Wednesday, March 29, 2006

Guttural Gasps Of Gloom

The real obstacle to political reconciliation in Nepal is becoming ever more visible in the incessant whining that passes for news and analyses in the Indian media these days.
By concocting a second “agreement” between the Seven-Party Alliance and Maoist rebels in New Delhi this month, the anti-monarchist wing of the Indian establishment had hoped to inflict a decisive blow on King Gyanendra’s regime.
For some reason, the joint statement embodying New Delhi’s message never materialized. It looks like the interlocutors on both sides still cannot fathom the breach that still divides them. In India, the search for the spoiler has zeroed in on the United States.
Despite the overall bonhomie in the aftermath of President George W. Bush’s visit earlier this month, the Indians remain infuriated by the firmness with which Washington has positioned itself against the SPA-Maoist alliance.
A report the other day on an Indian webzine, suggesting that Washington was about to lift its arms embargo on the Royal Nepalese Army, has been roundly denied by the American Embassy in New Delhi.
On the fact of it, the story was dubious; it relied purely on Indian officials who lacked the conviction to go on the record on such a sensitive issue. The American denial therefore may not deter further Indian conjectures.
Judging from official American pronouncements over the months, Washington might be more tolerant of the Maoists if they established their democratic credentials. For the Americans, that would mean a general and comprehensive disarmament before unqualified adherence to multiparty politics.
To be sure, the rebels have been making noises on the latter; on the former, they demand international supervision. Superficially, that stand can be read as an unwillingness to trust the royal regime. Deeper down, international supervision is a nice way of saying no, especially in view of China’s opposition to any direct external role in resolving Nepal’s conflict.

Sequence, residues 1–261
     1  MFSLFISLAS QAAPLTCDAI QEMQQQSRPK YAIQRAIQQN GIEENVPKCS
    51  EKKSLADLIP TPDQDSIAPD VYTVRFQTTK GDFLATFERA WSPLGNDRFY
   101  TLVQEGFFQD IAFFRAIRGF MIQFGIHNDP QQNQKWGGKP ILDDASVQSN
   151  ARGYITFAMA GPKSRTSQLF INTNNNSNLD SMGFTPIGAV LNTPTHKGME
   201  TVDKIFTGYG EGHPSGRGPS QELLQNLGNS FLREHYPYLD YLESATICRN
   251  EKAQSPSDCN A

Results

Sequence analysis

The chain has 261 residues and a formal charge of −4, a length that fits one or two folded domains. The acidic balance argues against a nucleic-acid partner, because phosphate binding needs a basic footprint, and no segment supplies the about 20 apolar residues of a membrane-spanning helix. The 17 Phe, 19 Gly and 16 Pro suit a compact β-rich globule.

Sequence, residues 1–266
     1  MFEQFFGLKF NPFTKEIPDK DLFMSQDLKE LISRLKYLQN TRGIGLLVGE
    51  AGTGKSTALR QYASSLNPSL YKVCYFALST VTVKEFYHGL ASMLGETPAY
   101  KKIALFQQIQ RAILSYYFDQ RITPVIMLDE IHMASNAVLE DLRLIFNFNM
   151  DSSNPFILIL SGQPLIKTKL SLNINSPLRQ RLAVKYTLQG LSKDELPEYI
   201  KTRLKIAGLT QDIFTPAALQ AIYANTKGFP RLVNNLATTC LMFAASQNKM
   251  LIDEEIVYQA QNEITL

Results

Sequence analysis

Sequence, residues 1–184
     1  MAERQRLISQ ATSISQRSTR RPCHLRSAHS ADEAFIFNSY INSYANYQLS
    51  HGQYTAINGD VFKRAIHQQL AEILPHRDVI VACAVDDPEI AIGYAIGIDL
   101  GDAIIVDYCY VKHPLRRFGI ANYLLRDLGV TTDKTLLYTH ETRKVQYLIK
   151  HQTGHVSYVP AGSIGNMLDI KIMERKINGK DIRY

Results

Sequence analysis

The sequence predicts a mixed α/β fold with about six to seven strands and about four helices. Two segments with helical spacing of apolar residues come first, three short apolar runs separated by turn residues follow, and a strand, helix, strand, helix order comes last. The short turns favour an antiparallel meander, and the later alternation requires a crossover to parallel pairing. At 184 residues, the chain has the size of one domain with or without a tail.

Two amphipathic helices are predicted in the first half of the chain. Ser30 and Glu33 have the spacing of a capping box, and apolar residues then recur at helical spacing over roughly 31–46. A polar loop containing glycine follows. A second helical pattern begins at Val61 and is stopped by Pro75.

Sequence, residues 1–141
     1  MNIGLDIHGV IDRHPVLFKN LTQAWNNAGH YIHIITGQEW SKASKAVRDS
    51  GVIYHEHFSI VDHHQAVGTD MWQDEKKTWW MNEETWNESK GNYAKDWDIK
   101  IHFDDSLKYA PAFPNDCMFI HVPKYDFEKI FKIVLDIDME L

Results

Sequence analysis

The Indians, too, would like to see the Maoists shun violence and join the political mainstream -- but for a different reason. The taming of the Nepalese Maoists would be an important component of any Indian strategy to quell the flames of ultra-leftist violence at home before it is too late.
New Delhi appeared to have made some headway by extracting an explicit pledge from Nepalese Maoist supremo Prachanda that his “People’s War” was confined to the kingdom.
By reaffirming Beijing’s traditional backing for the monarchy, while appealing for broader political reconciliation, Chinese State Councillor Tang Jiaxuan frustrated India’s designs. It is no accident that Indian newspapers have stepped up their defamation campaign against the monarchy, this time with a special focus on belittling Crown Prince Paras’ visit to Europe.
For some collective psychological reason, traceable perhaps to their humiliating defeat in the 1962 border war, the Indians don’t seem capable of looking straight into Chinese eyes to express displeasure. In this instance, too, they have reverted to the circuitous route Pakistan and the United States have provided.
So when U.S.-Indian relations are brought up, “natural allies” and “synergies” become buzzwords. When the United States is referred to in terms of Nepal’s conflict, the Indians bring up Washington’s darker shades through the adjectival forms of proper nouns like “Guantanamo Bay” and “Abu Ghraib.”
With Nepal struggling to break free from India’s stranglehold, the gasps and groans are becoming louder on the Indian side.